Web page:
There's less money for armored vehicles, and more focus on drones and spatial defence systems in the newly unveiled budget.
The French military is to be set at €413 billion over the next seven years.
A year after the Russian invasion of Ukraine, France's government presented the new Military Programming Budget (LPM) on Tuesday, which shows an increase of €100 billion compared with the previous seven-year budget.
"This LPM is an unprecedented increase in the defence budget," said Sébastien Lecornu, Frances Minister of the Armed Forces, who admitted that certain programmes took priority over others.
The increased spending plans are justified by "the very rapid deterioration of the geopolitical context" marked by the war in Ukraine, but also "the appearance of numerous technological leaps which have a cost," the ministry said.
The aim is to deal with "operational emergencies", particularly in terms of drones and anti-drone warfare, one of the weaknesses of the French military system revealed by the war in Ukraine, but also to cushion the effects of inflation.
And despite a clear increase in resources, not all the planned needs will be met.
"Some equipment may not arrive in as large a number as expected by 2030."
Scorpion programme suffers
The Scorpion programme to renew the army's armoured component with interconnected vehicles will bear the brunt of budget and procurement decisions.
There will be about a hundred fewer Jaguars armoured vehicles in 2030 compared with the 300 initially planned; and the delivery of "a few hundred" Griffon and Seval armoured vehicles will be postponed until after 2030 -- instead the lifecycle of VAB and AMX-10RC vehicles will be extended, of which a few dozen have been promised to Ukraine.
Similarly, the deliveries of 42 Rafale fighter aircraft planned between 2027 and 2030 have been delayed until 2032. In 2030, the Air Force will have 137 Rafales against an initial target of 185.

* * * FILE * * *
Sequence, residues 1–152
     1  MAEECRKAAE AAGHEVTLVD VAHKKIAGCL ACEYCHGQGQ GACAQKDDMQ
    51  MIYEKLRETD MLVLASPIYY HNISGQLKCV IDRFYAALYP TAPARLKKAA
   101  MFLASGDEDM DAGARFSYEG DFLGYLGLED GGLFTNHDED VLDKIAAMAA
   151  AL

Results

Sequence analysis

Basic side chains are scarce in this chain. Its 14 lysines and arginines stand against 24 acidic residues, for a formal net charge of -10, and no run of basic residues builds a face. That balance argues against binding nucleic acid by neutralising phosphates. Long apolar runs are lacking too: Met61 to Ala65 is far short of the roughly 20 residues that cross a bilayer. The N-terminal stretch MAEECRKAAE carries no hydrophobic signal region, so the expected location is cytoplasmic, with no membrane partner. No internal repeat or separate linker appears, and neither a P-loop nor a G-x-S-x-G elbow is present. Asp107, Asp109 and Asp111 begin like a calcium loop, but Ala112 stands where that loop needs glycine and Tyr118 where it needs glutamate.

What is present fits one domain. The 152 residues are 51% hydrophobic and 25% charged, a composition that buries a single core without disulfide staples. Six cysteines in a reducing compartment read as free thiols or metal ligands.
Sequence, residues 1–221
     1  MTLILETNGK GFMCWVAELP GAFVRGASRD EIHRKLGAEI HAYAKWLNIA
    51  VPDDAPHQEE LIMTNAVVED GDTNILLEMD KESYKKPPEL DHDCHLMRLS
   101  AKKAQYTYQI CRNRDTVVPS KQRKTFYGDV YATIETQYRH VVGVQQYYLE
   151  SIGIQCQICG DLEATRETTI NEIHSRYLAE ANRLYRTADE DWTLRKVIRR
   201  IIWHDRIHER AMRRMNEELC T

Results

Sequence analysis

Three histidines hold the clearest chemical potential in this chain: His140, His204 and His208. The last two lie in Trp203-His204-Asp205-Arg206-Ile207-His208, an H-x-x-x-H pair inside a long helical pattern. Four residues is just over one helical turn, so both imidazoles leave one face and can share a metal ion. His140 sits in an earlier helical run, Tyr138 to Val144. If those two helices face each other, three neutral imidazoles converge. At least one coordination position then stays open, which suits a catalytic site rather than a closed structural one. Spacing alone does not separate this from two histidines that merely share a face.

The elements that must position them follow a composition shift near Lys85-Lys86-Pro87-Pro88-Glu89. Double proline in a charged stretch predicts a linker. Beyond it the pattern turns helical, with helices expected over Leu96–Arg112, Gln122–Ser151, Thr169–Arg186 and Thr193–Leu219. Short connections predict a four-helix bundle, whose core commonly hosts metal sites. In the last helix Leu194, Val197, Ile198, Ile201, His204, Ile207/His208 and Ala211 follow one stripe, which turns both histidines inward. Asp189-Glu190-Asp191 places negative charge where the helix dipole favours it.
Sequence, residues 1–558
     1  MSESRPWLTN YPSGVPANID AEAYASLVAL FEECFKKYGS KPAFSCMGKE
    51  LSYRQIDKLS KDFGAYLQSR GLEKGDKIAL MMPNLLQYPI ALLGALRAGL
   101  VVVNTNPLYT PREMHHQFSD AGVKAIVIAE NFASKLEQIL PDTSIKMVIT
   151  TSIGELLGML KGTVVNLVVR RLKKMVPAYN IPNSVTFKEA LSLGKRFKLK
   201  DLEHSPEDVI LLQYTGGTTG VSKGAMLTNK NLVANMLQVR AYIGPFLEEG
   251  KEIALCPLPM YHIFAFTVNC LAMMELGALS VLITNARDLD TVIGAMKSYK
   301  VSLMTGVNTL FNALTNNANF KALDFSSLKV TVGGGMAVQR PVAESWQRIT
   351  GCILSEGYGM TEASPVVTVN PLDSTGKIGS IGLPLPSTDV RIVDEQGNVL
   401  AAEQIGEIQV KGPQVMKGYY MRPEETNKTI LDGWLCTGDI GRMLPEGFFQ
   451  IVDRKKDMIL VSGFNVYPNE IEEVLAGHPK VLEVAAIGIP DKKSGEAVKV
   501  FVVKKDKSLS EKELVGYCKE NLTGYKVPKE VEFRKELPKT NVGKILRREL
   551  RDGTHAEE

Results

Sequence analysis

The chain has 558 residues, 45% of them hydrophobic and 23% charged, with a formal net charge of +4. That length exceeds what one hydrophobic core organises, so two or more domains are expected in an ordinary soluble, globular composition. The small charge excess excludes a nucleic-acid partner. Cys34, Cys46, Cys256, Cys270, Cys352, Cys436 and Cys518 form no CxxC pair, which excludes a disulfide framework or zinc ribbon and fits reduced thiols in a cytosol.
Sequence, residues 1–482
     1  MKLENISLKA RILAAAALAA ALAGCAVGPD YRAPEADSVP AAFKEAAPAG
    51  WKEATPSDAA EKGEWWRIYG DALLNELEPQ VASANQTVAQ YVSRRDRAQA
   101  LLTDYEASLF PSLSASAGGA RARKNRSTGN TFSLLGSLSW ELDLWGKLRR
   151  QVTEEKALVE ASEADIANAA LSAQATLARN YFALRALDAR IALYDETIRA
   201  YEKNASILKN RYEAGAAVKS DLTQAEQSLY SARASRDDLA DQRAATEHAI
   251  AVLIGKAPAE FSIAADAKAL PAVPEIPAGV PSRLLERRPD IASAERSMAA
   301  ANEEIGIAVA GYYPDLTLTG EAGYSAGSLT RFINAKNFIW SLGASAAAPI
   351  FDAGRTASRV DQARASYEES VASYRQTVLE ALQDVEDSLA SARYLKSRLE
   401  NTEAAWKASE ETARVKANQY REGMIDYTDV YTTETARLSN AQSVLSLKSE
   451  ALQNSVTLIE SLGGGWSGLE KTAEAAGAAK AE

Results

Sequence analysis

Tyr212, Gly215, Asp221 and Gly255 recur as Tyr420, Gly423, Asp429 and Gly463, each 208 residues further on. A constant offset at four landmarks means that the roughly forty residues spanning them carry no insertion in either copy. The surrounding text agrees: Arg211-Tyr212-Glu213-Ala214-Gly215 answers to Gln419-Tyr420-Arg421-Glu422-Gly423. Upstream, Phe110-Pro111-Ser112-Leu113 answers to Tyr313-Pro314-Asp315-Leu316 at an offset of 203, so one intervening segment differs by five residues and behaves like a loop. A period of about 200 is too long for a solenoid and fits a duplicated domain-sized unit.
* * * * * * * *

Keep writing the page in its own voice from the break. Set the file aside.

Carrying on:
Meanwhile the French Navy will only be able to count on three of the five defence and intervention frigates it should have in 2030.
Programmes linked to nuclear deterrence or the timetable for delivery of the next generation aircraft carrier in 2038, will be maintained.
In the space sector, which is marked by growing conflict, Paris will finance studies on the next generation of Celeste electromagnetic intelligence satellites and the successor to the Yoda patrol satellite programme, designed to keep curious spacecraft away from French satellites.
The third Syracuse IV communications satellite has been abandoned.
As a result of the lessons learned in Ukraine, Paris also wants to increase its efforts on ammunition and artillery with Caesar guns and the replacement in 2027 of unitary rocket launchers (LRU) by American Himars or a European solution. "This topic is not decided", according to the ministry.
The LPM also provides for the financing of the Future Air Combat System (Scaf) demonstrator and studies on the future Franco-German MGCS tank.
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